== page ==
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I assure you that a lot of those facilities are understaffed enough where sending in a few new hired VRA's won't stop anyone from transferring to them.
 

DaOsprey

Trusted Member
Mar 25, 2014
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I assure you that a lot of those facilities are understaffed enough where sending in a few new hired VRA's won't stop anyone from transferring to them.

Long as I stay away from CA and am not the poor bastard that gets Napa, I could go anywhere.
 

lowapproach

Epic Member
Oct 29, 2010
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I'd take D10. It's a 12 with a good ratio between the salary and cost of living. Yes, you could wash out, but you could also do that at S56. Worst comes to worst, NEST will give you another chance out of a 12 tracon. If you decide that you'd like to try a center, there's one nearby. If you want to get out of Dallas completely, you'll have a good resume.
 

mikefsfr

Epic Member
May 31, 2010
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Train Me.
I've heard nothing but bad things about S56. Bad work environment, long time on position, 20 minute breaks. My new FLM came from there and immediately tried making this facility into S56, but the union quickly ended that. I would be all over D10.
 

shaba169

Trusted Member
Mar 19, 2010
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I assure you that a lot of those facilities are understaffed enough where sending in a few new hired VRA's won't stop anyone from transferring to them.
Its not getting into the understaffed level 12 that is hard, it's getting out of your understaffed/ minimum staffed facility to get there, that's the problem. The FAA shouldn't send anyone to a facility that has an outstanding ERR list. They should work in reverse and send people to the loosing facility so the controller can move up.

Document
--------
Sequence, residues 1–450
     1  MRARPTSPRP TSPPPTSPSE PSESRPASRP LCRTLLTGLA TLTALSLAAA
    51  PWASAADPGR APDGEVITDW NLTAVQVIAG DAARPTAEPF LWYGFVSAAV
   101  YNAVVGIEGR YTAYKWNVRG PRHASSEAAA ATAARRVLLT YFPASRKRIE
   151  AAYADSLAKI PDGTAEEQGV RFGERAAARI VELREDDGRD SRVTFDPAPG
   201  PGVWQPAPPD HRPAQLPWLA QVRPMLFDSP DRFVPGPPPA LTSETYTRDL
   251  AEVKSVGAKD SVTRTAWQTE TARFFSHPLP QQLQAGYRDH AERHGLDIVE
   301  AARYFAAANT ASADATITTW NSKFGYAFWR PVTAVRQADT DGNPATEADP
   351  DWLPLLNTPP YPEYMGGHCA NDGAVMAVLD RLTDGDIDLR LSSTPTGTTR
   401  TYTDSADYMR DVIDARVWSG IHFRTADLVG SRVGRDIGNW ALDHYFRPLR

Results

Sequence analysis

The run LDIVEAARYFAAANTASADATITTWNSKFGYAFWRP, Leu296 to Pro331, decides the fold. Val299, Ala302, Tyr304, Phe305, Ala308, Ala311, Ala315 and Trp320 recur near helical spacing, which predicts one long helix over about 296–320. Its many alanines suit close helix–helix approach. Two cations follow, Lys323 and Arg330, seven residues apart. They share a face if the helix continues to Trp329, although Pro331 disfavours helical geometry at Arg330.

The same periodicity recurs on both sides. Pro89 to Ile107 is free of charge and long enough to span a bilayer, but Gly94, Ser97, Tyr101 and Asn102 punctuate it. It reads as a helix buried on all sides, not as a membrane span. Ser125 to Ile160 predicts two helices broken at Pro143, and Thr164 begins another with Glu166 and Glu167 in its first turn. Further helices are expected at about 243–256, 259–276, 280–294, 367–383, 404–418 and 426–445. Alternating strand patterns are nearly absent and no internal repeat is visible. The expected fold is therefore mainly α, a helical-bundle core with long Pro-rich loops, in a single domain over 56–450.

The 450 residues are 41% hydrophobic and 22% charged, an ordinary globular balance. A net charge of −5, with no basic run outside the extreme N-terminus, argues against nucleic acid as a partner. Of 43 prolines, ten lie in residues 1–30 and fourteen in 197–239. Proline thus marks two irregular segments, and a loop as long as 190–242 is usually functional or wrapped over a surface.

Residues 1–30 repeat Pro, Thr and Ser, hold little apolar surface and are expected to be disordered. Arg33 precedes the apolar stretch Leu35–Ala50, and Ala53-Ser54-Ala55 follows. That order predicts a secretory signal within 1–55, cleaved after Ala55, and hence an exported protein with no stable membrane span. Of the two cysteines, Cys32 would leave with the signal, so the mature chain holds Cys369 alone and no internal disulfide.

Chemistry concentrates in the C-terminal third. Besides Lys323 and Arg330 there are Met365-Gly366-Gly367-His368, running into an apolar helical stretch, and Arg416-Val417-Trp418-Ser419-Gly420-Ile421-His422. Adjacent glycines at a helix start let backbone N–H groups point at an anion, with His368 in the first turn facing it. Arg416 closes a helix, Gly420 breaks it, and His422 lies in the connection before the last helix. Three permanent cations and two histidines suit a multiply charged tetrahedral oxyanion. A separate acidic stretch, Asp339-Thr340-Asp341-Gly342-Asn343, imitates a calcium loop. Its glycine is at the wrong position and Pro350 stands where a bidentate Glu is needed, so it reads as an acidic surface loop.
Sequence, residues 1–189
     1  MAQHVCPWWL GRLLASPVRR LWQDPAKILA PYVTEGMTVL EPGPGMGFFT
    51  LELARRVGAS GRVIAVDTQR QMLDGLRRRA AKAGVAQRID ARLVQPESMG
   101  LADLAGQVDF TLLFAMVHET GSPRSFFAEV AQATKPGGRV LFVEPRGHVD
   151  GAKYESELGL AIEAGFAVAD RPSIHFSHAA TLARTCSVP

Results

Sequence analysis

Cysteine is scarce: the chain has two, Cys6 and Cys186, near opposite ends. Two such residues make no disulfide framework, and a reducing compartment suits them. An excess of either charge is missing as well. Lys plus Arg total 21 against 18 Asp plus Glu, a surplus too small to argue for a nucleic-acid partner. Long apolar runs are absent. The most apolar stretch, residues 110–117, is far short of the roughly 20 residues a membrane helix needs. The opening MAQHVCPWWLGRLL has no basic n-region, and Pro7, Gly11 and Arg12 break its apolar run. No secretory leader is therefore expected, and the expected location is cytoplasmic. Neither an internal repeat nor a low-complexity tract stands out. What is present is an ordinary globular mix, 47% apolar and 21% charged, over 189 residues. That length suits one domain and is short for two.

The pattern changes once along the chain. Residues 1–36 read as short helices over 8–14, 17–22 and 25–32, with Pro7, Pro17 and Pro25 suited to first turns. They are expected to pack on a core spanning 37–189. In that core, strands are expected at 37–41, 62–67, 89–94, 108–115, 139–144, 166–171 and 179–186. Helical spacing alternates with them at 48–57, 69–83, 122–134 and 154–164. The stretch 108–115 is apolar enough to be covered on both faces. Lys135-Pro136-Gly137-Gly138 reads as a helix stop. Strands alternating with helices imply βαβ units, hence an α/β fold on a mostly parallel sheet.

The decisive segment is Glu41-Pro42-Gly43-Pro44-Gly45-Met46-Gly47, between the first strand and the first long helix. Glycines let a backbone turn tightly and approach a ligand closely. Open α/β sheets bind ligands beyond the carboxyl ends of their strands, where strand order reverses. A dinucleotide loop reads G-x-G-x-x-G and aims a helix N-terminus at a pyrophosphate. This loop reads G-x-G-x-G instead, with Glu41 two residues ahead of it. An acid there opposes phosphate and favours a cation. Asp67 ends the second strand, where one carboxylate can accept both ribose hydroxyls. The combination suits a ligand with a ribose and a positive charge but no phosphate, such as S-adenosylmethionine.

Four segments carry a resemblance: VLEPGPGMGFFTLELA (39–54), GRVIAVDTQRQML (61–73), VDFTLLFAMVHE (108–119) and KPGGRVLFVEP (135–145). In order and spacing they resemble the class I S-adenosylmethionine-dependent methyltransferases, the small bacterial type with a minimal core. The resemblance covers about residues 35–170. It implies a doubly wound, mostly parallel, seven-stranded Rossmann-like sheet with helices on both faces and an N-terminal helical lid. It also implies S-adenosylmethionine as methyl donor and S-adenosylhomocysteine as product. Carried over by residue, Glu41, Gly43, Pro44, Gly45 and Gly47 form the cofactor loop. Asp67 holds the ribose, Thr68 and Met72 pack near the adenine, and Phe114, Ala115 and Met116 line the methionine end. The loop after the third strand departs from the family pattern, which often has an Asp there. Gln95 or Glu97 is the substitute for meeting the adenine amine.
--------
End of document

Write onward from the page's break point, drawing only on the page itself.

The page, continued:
NovemberEcho

Epic Member
Dec 8, 2010
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Long Island
Its not getting into the understaffed level 12 that is hard, it's getting out of your understaffed/ minimum staffed facility to get there, that's the problem. The FAA shouldn't send anyone to a facility that has an outstanding ERR list. They should work in reverse and send people to the loosing facility so the controller can move up.

It's not like they're sending waves of OTS new hires. The OTS new hires will be going to those lower level facilities. And even the VRA's getting offered the level 10+'s are only a minority. Most of the VRA's are being offered in the 7 and below range. Some of these prior experienced people have been controlling longer than some of those in the lower level facilities trying to move up.
 

morajor13

Trusted Contributor
Jan 20, 2015
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Why would he create an account in 2014 anticipating his requested ban on a bid in 2015 that was completely unknown at the time?
I have no idea. But it's him. Back when he was giving out all the bogus info from his inside source, he emailed me from an email account with daosprey in it. So it was pretty easy to connect the dots.